“There’s one more important aspect,” Kurowski said. “Now you have three legs to a stool, it’s now very stable. But if you don’t make those legs out of a good strong hardwood it’s going to fracture and crack. The same is true in the software development three-legged stool metaphor, only the solid material we use for those legs is talent and culture. We’ve become really good at building the agile culture, bringing together both sides of what industry refers to as CI/CD, and having everyone as part of the process. You also need the right talent, and an interest in solving some of our most difficult national security challenges.”

SIGINT once again serves as a good example of the talent challenge.

“If we can pro-actively introduce students to digital signal processing early and inspire and engage them, they develop a passion for it and bring their incredible aptitude and digital-native thinking to the problem,”Kurowski said.

That’s why he said it’s important for agencies and industry to partner with universities. Kurowski is blazing the trail with several successful university programs that are introducing students to national security and digital signal processing and it’s already yielding results in their work force.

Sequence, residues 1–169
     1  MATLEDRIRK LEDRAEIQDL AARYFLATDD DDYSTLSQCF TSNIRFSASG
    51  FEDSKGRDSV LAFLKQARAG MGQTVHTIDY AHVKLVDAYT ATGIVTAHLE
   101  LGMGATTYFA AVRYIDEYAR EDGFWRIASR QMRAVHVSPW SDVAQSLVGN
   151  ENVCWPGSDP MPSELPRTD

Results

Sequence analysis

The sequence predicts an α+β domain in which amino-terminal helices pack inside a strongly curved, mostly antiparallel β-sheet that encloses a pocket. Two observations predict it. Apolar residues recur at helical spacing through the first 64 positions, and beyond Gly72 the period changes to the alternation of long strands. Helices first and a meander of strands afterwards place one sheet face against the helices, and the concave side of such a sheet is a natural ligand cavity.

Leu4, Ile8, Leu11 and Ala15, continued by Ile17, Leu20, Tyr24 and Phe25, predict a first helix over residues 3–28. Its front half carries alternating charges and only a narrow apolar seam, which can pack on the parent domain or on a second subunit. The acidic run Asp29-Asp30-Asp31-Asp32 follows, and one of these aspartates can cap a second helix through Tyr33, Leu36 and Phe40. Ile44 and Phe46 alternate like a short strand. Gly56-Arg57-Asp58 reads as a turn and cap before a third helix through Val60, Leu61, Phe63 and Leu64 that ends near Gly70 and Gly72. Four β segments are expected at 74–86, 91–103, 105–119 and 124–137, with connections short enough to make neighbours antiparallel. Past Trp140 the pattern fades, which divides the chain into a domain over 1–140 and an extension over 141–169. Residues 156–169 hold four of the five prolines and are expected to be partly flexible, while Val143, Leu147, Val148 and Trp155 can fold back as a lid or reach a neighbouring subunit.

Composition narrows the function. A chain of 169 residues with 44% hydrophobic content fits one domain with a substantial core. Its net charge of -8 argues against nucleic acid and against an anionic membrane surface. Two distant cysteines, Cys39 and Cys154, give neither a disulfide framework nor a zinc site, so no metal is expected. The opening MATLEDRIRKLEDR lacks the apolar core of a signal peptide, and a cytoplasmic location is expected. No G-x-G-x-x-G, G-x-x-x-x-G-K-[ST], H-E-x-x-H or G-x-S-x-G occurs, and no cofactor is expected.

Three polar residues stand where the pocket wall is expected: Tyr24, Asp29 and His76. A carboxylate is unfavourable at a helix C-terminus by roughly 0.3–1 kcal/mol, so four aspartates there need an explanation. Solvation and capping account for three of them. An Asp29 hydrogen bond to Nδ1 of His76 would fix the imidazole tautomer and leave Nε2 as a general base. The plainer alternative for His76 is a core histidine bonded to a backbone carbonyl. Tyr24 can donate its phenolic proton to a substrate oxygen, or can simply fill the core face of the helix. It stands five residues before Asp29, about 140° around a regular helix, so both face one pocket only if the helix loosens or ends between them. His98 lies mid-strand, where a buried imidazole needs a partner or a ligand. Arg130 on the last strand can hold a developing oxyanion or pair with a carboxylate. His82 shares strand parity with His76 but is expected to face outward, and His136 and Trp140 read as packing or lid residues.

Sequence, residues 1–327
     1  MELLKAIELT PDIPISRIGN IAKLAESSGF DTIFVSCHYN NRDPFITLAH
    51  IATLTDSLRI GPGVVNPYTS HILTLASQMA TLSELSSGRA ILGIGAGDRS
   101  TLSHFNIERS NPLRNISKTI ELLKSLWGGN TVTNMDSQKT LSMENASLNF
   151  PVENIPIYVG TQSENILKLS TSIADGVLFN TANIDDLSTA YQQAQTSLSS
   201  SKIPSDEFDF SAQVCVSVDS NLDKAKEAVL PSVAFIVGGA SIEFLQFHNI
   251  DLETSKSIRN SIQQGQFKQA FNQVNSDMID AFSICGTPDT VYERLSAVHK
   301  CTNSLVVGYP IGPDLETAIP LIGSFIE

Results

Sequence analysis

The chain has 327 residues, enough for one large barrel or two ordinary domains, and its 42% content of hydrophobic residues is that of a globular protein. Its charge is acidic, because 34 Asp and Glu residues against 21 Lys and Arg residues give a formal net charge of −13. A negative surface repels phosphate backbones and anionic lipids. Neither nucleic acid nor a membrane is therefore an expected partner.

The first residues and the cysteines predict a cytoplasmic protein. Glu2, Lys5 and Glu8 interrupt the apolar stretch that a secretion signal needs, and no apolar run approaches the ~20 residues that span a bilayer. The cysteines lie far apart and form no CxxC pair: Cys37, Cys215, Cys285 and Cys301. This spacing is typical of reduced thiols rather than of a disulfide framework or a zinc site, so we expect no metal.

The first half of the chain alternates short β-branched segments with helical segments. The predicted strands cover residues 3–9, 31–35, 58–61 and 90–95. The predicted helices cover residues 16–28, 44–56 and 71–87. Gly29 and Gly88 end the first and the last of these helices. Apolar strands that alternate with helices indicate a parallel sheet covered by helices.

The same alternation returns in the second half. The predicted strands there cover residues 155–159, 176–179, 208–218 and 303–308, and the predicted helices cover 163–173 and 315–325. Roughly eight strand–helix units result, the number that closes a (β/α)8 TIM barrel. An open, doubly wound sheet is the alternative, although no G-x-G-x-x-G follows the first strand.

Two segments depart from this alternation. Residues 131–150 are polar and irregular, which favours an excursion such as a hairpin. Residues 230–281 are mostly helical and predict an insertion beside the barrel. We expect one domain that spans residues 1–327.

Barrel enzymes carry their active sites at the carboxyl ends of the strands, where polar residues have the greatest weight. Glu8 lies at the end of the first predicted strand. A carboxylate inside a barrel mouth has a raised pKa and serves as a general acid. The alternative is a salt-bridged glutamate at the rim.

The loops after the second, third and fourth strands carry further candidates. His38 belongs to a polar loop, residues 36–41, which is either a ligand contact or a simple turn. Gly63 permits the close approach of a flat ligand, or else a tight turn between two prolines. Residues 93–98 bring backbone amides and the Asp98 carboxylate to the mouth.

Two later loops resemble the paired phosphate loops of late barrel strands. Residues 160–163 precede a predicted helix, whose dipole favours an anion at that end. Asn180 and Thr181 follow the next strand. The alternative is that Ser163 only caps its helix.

“The near-peer threat requires agility, nimbleness, speed, continuous sophisticated enhancement, and more adaptable systems that can move fast … at the speed of relevance,” Kurowski said. “Programs like JADC2 need the three-legged stool of software development: open modern architecture, agile software development at scale, and a DevSecOps platform. And we need to embrace the right culture as well as develop the next generation of talent. That’s what we’re focused on across our program portfolio for our customers.”

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  • Glenn Kurowski

    Senior Vice President and Chief Technology Officer, CACI